Friday, June 25, 2004

Please don't page me

Orientation was remarkably boring and a waste of time. Practically nothing of relevance was discussed and I'm still likely to have no idea where anything is when we start next Thursday. On the other hand, we received our long coats, ID badges, and pagers today. That was pretty much the highlight of the week.

We discovered Liquor Barn on the way home this afternoon. That place really rocks. The prices on alcoholic beverages in the store are even lower than in Louisiana. And the selection is amazing. And it's fun going to a place with barn in the name.

Wednesday, June 23, 2004

From Heather-
I am supposed to be getting ready this morning. Today is our second day of orientation. We learned yesterday that needle sticks were bad, we shouldn't sexually harass co-workers, and blood transfusions can make you really sick. I cannot wait for today. Tomorrow we get to spend time shadowing a nurse to learn what he/she does all day. I am going tonight to buy magazines so I can sit on my butt and read all day, at least that is what the nurses at South did. I will refuse to change a bedpan.

Monday, June 21, 2004

Big Bone Lick

So we went to the Cincinnati Zoo yesterday. It was cool. Pretty impressive. We're still a little terrified that Ohio is only a little over an hour away. Ohians are funny-looking, based on the zoo experience. Saw something called a takin yesterday. It's a big Himalayan buffalo-like creature that I had never even heard of. All that time watching the Discovery channel and there was a large mammal (keep in mind, there really aren't that many large mammal species on the planet) that I had never even heard of. It was like seeing something from a science fiction movie. The legs were all weird and it moved oddly.

So tomorrow is our first day of orientation at the hospital. This will be a painful four days (which could probably be condensed into two) of filling out employee paperwork, being shown how to use the computer system, finding where the lab is, etc. Being assigned a pager, being told how the paging system works, being given a whitecoat, signing some more paperwork. Etc etc. Largely a waste.

And the title of this entry....the name of an actual state park in northern Kentucky. Giggle away.

Saturday, June 19, 2004

Tomatillo, anyone?

So we made it to the farmer's market and got some plants. Or rather, a lot of plants. We bought the day-lily guy out of day-lilies, the hosta lady out of hostas, and the tomatillo lady out of tomatillo plants. And them some others. Actually we got the tomatillos last week. And guess what, we already have little baby tomatillos beginning to grow. They're cool-looking.

We have new neighbors moving in on one side. Haven't talked to them in depth yet, but they're young and they're from Orlando. So, when it snows, they'll be more confused than us. I've seen snow at least, maybe, 10 times in my life. Only one big snow since I started driving. For Heather those numbers are even lower, say, 2-3 and none.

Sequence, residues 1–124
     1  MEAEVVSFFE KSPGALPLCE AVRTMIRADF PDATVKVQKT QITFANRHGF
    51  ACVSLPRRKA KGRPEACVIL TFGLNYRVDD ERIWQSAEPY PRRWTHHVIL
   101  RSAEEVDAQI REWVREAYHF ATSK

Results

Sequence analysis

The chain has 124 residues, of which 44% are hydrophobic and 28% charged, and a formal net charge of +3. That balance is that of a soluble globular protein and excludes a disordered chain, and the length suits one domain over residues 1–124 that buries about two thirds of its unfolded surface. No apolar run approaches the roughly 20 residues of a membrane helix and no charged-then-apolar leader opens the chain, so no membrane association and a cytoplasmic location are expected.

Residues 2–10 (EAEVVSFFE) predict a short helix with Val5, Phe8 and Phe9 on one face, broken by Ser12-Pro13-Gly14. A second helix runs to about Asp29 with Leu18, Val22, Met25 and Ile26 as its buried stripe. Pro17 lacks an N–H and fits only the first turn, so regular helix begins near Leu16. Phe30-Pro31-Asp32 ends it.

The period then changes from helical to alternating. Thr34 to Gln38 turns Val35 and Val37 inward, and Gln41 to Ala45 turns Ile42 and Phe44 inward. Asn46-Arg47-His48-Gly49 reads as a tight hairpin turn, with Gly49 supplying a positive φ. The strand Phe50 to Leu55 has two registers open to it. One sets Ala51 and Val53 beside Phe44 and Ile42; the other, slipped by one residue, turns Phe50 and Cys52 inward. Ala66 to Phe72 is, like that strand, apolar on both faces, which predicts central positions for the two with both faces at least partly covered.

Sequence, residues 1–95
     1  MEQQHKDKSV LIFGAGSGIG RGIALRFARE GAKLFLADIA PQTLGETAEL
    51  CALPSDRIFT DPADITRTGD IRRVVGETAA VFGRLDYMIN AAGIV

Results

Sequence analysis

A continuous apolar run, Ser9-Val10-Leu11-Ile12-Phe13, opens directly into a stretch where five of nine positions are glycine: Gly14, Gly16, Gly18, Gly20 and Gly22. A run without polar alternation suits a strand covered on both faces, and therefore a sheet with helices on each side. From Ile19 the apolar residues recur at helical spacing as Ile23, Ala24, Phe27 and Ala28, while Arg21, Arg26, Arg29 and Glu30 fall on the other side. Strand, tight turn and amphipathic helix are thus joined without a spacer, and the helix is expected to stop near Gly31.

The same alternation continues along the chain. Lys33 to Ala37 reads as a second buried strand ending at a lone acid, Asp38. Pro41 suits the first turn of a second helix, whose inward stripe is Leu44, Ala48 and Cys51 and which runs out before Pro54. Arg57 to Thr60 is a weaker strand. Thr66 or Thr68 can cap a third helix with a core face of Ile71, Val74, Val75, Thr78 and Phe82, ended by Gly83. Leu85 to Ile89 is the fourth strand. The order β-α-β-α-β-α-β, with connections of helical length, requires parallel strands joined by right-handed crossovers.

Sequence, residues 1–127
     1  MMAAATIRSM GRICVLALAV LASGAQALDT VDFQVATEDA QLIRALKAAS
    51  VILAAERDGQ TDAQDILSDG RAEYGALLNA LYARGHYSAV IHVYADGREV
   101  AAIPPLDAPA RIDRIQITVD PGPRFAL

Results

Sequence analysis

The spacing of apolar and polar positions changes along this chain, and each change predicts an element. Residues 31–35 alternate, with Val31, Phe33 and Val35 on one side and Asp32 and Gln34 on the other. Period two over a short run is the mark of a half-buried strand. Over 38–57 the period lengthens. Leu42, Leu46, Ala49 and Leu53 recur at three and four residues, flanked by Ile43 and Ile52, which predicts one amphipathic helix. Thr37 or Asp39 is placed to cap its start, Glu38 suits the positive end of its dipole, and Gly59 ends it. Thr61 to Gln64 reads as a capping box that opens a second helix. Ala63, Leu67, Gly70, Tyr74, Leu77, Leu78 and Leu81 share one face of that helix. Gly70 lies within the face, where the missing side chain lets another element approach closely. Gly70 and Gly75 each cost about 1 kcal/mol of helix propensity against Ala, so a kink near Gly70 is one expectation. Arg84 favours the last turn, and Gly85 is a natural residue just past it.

Wednesday, June 16, 2004

Cat-Dog and Kinda-Diet Coke

So I tried the new Coke product C2 yesterday. Half the sugar and therefore calories of regular Coke. In my opinion, it tastes 97% as good as regular Coke, which is more than plenty. This product is brilliant for those who want to drink something which is healthier than Coke, albeit in itself still not as good as, say, water, and for whom Diet Coke tastes like ass. Stale ass. In summary, if you're a Coke addict (not coke addict) and know you should drink diet, but refuse because diet tastes like stale ass, this is for you.

Our female cat Athena has learned how to play fetch. I kid you not. Stand at the bottom of the stairs and throw a ball to the top (small ball) and she will run up the stairs, pick the ball up in her mouth, and bring it back. She only does this trick on the stairs though. She also makes a bark-like noise when you scratch her near her butt, but I guess that's another story.

Tuesday, June 15, 2004

Hooks and Slices

My very productive day today included a much-desired trip to the driving range in nearby Jessamine County. I just like typing and saying such a pretty name. Scale is so different here. I drove to the county seat of the next county to go to the driving range and that was only 5 miles away. Apparently I'm slicing my drives and hooking my iron shots. And to top things off this place I went to not only has a full golf course with driving range, but also a Tiki bar. Now that's class.

To prepare for both residency and the impending police state that we will be living in soon, I've begun reading The Gulag Archipelago. Charming and uplifting piece of work. Some of those little hippy shits that protest all the WTO meetings and who would gladly plunge the world into a communist nightmare should check it out. On a related note, apparently Bush has decided that torture is OK in the name of state security. Why did he need a legal opinion from the ethics panel if he didn't intend to do it? Very slippery slope.
In response to the situation pointed out by Richard: First about precedence, I don't think that that will be an issue because within the scope of universities having existed for hundreds of years in Europe, this has hardly ever happened before. Actually, I'm just making the idiotic assumption that someone has tried it sometime in the past and clearly it never caight on. Maybe it's never happened at all. Nobody takes away diplomas because the diploma was presumably awarded because the couse of study gave someone a certain qualification within that field. That is, a qualification of ability or knowledge or method. Not ethics. At most places the ethics are assumed to be part of the course of study or that only ethical students would be awarded higher degrees. Maybe some places care and some don't. But the degree is awarded based on the fact that at that time and place, that student has achieved a certain level within that field. This is completely independent of what they plan to do with that education (ie, degree). As Richard already pointed out, the university has no responsibility for what individuals do after the degree has been awarded. Just as if my medical school were to happen to lose accreditation 5 years from now, that would not nullify my degree. The only way that a university could be responsible is if the student showed signs of unethical behavior during the course of study and awarded a degree anyway. By responsible, basically I mean embarassed within the academic community. The same embarassment which is what really serves as punishment for people like these that put forth fraudulent research.